Wednesday, May 02, 2007

China's Foreign Relations

What country's relationship with China is the most important for understanding global politics?

Answer: Russia. China is, even today, predominately a Central Asian nation. Meaning -- its borders with the various 'Stans, with India, and especially with Russia tend to dictate its foreign policy. Rocky relationships with Russia tend to mean smoother relationships with the West, and vice-versa. In the most famous example, the Sino Soviet Split lead Mao (interrupted by the Cultural Revolution) to turn to his traditional enemy, the United States, thus bringing about the Nixon visit. Since Clinton sent an aircraft carrier through the Taiwan Straits (I think that was '95), Sino-Russian relations have been relatively warm. And now, a very interesting blog post by Daniel Drezner suggests an additional shift.

Apparently, U.S. leaders are finally sufficiently chastened by the Iraq fiasco that they are at least eating a little crow. Not so the Russians, and thus there is a possibility of backlash. It's really just a hint at this point, but worth keeping an eye on.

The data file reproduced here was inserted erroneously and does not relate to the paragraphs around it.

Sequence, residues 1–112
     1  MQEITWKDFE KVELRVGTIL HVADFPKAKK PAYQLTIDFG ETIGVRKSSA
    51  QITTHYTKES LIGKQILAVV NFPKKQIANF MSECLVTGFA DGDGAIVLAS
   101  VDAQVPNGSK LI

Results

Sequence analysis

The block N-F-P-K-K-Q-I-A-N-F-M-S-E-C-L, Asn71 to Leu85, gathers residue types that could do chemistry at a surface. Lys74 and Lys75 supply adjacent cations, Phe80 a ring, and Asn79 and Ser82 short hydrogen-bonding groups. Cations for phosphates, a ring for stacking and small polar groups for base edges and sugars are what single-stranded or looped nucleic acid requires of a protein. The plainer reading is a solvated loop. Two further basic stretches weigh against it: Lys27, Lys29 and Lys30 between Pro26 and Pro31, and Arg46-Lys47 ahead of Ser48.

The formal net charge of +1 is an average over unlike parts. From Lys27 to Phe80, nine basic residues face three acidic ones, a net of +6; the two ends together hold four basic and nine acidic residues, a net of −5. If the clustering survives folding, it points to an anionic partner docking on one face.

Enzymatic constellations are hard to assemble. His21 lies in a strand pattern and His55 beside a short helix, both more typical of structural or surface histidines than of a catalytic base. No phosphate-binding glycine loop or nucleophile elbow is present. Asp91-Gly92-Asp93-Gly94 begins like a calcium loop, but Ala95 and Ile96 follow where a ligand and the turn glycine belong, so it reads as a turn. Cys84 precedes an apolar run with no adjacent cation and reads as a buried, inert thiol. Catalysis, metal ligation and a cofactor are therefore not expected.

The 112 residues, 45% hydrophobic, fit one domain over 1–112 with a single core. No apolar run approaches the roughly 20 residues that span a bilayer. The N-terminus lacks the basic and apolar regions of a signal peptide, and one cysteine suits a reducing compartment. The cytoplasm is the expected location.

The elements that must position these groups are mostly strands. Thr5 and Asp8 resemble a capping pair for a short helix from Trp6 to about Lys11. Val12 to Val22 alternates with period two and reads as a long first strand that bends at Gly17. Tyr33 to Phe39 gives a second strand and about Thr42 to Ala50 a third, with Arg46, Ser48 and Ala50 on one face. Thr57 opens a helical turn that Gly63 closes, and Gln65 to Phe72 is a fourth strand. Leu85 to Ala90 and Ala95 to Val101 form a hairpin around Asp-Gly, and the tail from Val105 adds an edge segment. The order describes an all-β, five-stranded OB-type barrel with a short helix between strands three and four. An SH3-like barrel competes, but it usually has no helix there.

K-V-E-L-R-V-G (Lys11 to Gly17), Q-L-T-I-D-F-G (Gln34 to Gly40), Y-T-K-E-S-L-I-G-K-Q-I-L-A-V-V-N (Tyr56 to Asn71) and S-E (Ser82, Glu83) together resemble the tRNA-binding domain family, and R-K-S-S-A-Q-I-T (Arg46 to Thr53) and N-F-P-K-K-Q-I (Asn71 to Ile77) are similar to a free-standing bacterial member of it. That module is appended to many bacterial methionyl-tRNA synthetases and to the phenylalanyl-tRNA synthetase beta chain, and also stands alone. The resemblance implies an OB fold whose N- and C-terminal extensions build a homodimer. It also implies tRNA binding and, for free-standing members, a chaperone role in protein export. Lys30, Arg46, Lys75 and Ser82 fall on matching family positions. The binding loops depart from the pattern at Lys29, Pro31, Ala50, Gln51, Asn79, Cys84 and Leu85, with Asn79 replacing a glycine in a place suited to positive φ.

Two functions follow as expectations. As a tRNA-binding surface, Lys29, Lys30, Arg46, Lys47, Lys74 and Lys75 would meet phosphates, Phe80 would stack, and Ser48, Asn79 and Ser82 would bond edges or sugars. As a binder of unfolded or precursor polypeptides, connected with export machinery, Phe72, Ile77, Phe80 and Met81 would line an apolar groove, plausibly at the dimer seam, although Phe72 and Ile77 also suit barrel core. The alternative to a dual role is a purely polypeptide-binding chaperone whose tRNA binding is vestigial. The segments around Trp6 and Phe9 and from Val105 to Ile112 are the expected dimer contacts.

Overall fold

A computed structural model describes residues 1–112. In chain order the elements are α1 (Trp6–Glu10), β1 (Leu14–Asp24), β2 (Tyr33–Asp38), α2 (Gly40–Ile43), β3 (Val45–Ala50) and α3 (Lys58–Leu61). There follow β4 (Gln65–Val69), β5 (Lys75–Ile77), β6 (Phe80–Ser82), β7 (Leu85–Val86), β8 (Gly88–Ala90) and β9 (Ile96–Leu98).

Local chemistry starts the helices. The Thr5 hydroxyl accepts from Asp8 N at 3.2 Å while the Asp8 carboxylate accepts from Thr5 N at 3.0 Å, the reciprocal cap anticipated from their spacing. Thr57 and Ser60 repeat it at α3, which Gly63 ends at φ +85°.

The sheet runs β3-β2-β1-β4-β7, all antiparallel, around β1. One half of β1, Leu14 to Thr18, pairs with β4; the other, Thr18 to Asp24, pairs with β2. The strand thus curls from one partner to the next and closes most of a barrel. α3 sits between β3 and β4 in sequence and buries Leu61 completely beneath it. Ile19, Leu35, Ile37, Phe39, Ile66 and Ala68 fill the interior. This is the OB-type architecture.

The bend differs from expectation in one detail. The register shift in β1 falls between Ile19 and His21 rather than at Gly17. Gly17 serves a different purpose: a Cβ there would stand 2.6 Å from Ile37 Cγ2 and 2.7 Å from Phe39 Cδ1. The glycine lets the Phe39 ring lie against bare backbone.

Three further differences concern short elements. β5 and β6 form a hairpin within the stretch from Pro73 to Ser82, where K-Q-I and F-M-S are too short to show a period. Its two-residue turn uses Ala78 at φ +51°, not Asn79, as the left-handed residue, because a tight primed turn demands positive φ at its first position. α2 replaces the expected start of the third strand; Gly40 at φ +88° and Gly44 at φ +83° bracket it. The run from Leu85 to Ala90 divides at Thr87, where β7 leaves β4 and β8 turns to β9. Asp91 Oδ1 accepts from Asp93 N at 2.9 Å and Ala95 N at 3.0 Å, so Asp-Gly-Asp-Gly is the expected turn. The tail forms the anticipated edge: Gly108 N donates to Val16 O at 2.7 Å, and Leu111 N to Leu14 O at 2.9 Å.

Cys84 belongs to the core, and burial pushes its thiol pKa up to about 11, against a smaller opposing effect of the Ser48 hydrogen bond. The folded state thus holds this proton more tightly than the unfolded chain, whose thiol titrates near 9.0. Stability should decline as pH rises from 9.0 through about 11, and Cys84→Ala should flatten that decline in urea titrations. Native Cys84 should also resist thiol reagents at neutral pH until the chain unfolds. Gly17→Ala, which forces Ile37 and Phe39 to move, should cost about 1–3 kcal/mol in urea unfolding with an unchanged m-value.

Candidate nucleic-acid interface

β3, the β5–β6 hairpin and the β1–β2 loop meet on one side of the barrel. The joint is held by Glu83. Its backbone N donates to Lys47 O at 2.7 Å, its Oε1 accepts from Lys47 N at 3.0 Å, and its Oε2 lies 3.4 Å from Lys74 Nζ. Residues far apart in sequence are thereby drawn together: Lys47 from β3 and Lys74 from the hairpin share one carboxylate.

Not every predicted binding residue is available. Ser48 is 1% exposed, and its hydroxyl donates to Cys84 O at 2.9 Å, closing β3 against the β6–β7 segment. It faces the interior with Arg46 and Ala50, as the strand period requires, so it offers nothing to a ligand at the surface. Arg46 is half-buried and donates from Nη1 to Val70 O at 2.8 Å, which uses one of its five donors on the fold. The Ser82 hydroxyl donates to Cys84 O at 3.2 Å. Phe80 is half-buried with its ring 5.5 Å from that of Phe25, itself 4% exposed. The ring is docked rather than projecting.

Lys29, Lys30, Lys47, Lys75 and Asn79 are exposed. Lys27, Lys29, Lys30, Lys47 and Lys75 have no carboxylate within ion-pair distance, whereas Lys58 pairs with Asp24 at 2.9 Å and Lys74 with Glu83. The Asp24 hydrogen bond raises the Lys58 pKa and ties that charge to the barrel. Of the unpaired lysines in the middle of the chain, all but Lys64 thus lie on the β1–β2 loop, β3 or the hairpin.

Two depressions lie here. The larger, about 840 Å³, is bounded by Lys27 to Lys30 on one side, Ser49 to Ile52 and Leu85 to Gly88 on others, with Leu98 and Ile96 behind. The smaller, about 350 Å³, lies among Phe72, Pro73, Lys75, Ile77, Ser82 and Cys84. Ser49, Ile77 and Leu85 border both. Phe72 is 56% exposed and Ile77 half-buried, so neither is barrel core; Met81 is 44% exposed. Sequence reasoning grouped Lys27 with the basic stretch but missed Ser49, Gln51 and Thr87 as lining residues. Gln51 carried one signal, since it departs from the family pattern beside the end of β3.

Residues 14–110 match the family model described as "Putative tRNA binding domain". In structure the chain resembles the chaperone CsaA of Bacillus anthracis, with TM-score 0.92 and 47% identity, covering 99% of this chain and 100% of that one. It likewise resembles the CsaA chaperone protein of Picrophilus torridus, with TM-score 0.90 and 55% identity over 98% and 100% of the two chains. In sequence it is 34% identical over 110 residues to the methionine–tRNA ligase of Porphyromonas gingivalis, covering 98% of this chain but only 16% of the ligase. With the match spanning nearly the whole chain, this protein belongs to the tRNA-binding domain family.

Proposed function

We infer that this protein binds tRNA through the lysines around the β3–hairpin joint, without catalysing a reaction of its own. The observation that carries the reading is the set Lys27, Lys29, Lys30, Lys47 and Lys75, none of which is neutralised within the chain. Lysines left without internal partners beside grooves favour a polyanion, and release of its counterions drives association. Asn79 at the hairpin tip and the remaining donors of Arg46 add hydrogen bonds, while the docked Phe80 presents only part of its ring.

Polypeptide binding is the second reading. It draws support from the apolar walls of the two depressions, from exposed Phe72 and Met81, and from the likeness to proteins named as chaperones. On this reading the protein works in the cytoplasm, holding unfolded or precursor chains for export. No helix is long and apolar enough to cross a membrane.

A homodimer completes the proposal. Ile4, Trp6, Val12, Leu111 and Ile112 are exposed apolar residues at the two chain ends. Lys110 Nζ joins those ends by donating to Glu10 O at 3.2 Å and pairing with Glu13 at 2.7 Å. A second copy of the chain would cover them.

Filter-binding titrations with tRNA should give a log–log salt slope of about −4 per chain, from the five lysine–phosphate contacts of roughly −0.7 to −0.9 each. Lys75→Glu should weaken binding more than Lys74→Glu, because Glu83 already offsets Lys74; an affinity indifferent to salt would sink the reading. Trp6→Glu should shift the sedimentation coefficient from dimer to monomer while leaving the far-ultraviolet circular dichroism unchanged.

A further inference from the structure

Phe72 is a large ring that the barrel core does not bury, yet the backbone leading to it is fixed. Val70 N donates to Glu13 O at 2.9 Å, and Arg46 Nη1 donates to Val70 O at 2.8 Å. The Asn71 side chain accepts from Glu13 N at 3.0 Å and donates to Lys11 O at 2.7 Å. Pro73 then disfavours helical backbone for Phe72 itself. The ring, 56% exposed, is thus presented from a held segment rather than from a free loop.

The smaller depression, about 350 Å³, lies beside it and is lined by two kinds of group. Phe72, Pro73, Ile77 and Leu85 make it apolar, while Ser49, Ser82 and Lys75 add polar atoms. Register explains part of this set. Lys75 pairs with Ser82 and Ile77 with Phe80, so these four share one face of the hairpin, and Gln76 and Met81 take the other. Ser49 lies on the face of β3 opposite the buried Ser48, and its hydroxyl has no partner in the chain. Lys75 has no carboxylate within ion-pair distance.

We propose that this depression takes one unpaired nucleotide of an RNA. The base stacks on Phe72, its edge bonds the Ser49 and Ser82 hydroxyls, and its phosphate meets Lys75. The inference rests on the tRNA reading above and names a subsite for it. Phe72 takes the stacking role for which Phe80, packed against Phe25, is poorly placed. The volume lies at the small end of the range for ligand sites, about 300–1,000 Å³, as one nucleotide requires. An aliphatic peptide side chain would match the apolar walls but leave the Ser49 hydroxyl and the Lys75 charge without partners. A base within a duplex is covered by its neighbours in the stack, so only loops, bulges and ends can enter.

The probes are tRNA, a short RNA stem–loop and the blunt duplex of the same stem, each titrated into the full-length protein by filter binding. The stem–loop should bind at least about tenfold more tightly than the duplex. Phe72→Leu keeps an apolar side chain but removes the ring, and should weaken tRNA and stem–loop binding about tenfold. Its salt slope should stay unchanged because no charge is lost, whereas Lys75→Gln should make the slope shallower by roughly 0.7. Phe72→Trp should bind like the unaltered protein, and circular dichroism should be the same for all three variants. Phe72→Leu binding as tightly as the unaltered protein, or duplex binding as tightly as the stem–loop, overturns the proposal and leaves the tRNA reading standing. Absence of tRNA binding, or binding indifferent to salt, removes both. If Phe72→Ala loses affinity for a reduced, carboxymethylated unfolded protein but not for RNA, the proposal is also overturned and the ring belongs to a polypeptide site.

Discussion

Drezner's fourth item is worth quoting:

4) When it comes to the transatlantic relationship, China is the 800-lb. elephant in the room. It's rising power cannot be ignored. The $64,000 question is whether China's rise will cause the Americans and Europeans to compete for Beijing's favor or force greater coordination between the US and EU.

Another way of posing the question: is "The West" still a meaningful way of talking about relationships with China? I suspect so, but I'm deeply ambivalent about the implications. I want the United States-Europe relationship to be close, but I'm not wild about viewing China as an enemy.

And while we're on the topic of pesky foreigners, Thy Goddess is in Turkey at the moment. Be sure to wish her well.